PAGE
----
There is a novelty song from the '60s entitled "Everybody Wants To Be An Art Director." And to a certain extent this is true, except in the world of the theatre, where everybody wants to write a musical. This certainly seems to have been true for Sadie Penzato, who has tried to turn her informally charming and chatty memoir Growing Up Sicilian and Female into an informally charming and chatty musical, with very mixed results.
Growing Up Sicilian and Female, both the book and the musical, chronicles Penzato's childhood as a first-generation Italian-American on an upstate New York apple farm in the 1940s. But what worked for Penzato on the page doesn't necessarily work for her on the stage, and that is where most of the problems with this nascent work are. Penzato's story has very strong musical possibilities: a full complement of larger-than-life characters, a colorful setting, and a moving central story concerning the struggle of the children of immigrants, particularly Penzato's older sister Caroline, to break free of the European traditions that hold them back from assimilating. But as it currently stands, the show is still very tightly tied to its literary roots: there seems to have been little or no attempt at reworking the material to fit into the very different requirements of the musical-theatre form. There are long stretches of arid expository narrative that are occasionally broken by a song that seems to be a placeholder for another, better song yet to be written. (Penzato collaborated on the naively melodic score with Bob Spallina.) Character development relies mainly on stereotypic clichés that would have raised deafening cries of ethnic prejudice if the whole thing hadn't been written, directed, and produced by people of Italian descent. This was most apparent in the characterization of Penzato's brutal father, who could have been singing "omma da most-a unhappy-a fella" for all of the imagination and sensitivity on display.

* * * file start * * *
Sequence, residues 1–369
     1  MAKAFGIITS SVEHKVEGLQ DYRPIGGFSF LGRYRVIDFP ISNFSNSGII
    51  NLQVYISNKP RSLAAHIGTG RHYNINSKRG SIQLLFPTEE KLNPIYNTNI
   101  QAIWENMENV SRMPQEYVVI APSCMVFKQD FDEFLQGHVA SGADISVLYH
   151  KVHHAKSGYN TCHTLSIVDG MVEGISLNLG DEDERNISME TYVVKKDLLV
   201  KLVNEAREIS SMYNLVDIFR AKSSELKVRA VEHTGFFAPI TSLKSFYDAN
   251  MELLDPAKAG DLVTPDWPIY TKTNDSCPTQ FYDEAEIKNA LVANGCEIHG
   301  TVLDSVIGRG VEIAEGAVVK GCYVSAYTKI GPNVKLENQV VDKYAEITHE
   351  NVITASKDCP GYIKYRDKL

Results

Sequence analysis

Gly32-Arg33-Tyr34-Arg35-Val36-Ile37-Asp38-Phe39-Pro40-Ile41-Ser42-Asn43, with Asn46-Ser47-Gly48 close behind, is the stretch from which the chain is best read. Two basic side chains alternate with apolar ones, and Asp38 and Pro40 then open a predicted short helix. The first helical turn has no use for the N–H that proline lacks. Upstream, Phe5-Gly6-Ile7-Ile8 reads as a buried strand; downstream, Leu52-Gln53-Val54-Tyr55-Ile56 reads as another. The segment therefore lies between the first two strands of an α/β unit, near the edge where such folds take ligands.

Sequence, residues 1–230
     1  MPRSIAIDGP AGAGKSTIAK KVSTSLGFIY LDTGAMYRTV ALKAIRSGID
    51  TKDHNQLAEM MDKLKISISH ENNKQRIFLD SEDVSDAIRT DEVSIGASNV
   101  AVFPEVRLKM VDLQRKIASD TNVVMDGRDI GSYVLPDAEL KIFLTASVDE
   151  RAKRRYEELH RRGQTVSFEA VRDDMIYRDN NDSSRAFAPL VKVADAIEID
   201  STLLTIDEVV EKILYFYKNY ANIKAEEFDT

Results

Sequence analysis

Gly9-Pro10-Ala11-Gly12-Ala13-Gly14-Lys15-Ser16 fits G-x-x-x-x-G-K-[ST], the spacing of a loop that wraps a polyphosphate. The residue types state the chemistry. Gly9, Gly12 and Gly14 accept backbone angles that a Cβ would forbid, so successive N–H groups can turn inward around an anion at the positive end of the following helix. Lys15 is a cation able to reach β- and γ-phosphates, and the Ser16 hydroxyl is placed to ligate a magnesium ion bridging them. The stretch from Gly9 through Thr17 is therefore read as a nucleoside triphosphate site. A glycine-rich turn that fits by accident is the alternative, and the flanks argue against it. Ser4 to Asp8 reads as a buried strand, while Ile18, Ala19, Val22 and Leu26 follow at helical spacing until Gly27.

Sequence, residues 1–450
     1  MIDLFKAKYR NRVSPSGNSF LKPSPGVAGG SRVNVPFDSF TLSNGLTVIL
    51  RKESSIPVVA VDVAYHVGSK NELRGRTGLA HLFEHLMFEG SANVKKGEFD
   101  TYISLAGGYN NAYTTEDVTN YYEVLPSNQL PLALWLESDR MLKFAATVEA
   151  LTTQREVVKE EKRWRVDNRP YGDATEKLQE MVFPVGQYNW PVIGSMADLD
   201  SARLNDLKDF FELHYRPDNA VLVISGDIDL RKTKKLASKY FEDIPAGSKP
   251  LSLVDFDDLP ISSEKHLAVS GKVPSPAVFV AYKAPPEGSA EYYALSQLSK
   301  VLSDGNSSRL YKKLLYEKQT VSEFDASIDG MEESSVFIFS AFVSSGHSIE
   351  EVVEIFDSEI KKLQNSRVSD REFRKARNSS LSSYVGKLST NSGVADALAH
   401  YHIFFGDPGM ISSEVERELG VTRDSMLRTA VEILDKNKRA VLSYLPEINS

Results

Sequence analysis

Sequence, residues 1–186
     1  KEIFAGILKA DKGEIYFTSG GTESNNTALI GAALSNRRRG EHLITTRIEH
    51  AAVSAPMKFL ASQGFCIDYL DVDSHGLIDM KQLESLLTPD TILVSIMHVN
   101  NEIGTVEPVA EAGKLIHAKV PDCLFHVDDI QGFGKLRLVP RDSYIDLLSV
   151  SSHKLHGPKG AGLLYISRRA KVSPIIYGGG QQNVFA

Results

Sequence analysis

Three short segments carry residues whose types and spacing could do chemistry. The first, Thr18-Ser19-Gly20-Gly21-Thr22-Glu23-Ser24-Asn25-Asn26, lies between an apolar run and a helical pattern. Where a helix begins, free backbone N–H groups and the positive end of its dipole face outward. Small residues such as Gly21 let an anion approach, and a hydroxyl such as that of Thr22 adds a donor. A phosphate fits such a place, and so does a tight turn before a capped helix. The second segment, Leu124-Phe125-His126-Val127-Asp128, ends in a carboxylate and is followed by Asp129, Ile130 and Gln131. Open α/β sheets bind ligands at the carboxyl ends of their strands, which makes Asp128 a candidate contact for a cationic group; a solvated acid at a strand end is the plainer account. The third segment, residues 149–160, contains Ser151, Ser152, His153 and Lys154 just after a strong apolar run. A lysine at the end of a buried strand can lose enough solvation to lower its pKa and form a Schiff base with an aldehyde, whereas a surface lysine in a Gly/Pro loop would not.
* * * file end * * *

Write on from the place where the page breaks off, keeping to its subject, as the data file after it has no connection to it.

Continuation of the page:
Under the direction of both Jay Michaels and Mary Elizabeth MiCari, only Jillian Hahn (as Caroline), MiCari, and Werner Pauliks stood out from the large cast. Hahn was marvelous, managing to create a fully rounded character from the thin material. MiCari, hampered by too small a role (and a horrendous Italian Mama wig and costume) nevertheless gave a lovely performance of supportive warmth, while Pauliks's all-too-brief appearance as a nervous suitor of Caroline's left a strong impression of a talent not used to the full.
The physical aspects of the production were only so-so: Margo La Zaro provided serviceable period costumes (with the exception of the aforementioned outfit for Mama), and Werner Pauliks provided a serviceable unit setting and dark, less-than-serviceable-lighting. The lack of sophistication in the visual aspects of the show was made even more distressing because the one thing made clear by both the book and the musical was that the Penzato family were not poor immigrants - they had the largest house in the neighborhood, they owned their farm outright, and were able to hire migrant workers as needed. Mama may have made the clothes for the family, but only because she could do it better and with more style than any manufacturer.
Penzato's instinct to musicalize her story was a good one, but in its current form Growing Up Sicilian and Female needs much work under the guiding hand of experts in the musical-theater form. Perhaps Penzato can be encouraged to collaborate with an experienced musical book writer and composer (there are hundreds in this city) to help her mine the rich gold from her story and turn it into the musical it could, and deserves, to be.
(Also featuring Lisa Apatini, Amy K. Brown, Michael D'Antoni, Derek Devareaux, Michael Fortunato, Taylor Hooper, Patricia Israel, Matthew Klein, Jessica Lynn, Monica Mannarelli, Frank Rosner, Robert F. Saunders, Andrew Westney, and Michael Kearney Wright.)
Book: 1 Music: 1 Lyrics: 0
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Copyright 2001 Doug DeVita